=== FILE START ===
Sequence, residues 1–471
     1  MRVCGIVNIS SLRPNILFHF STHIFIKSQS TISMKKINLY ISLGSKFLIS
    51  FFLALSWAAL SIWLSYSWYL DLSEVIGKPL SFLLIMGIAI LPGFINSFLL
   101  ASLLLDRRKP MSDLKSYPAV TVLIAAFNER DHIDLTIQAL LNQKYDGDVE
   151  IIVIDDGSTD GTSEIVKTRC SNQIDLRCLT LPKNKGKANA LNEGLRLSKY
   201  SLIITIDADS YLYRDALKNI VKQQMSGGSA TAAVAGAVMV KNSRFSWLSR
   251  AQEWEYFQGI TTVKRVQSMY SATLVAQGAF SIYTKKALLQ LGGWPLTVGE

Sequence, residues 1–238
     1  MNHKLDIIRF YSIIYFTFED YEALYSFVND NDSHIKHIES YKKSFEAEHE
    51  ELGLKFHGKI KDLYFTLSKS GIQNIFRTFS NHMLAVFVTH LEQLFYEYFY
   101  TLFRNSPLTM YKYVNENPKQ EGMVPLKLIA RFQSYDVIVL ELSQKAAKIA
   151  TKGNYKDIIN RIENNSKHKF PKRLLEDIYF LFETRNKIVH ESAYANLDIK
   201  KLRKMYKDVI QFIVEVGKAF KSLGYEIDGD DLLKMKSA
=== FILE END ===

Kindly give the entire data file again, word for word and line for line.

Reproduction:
Sequence, residues 1–471
     1  MRVCGIVNIS SLRPNILFHF STHIFIKSQS TISMKKINLY ISLGSKFLIS
    51  FFLALSWAAL SIWLSYSWYL DLSEVIGKPL SFLLIMGIAI LPGFINSFLL
   101  ASLLLDRRKP MSDLKSYPAV TVLIAAFNER DHIDLTIQAL LNQKYDGDVE
   151  IIVIDDGSTD GTSEIVKTRC SNQIDLRCLT LPKNKGKANA LNEGLRLSKY
   201  SLIITIDADS YLYRDALKNI VKQQMSGGSA TAAVAGAVMV KNSRFSWLSR
   251  AQEWEYFQGI TTVKRVQSMY SATLVAQGAF SIYTKKALLQ LGGWPLTVGE

Sequence, residues 1–238
     1  MNHKLDIIRF YSIIYFTFED YEALYSFVND NDSHIKHIES YKKSFEAEHE
    51  ELGLKFHGKI KDLYFTLSKS GIQNIFRTFS NHMLAVFVTH LEQLFYEYFY
   101  TLFRNSPLTM YKYVNENPKQ EGMVPLKLIA RFQSYDVIVL ELSQKAAKIA
   151  TKGNYKDIIN RIENNSKHKF PKRLLEDIYF LFETRNKIVH ESAYANLDIK
   201  KLRKMYKDVI QFIVEVGKAF KSLGYEIDGD DLLKMKSA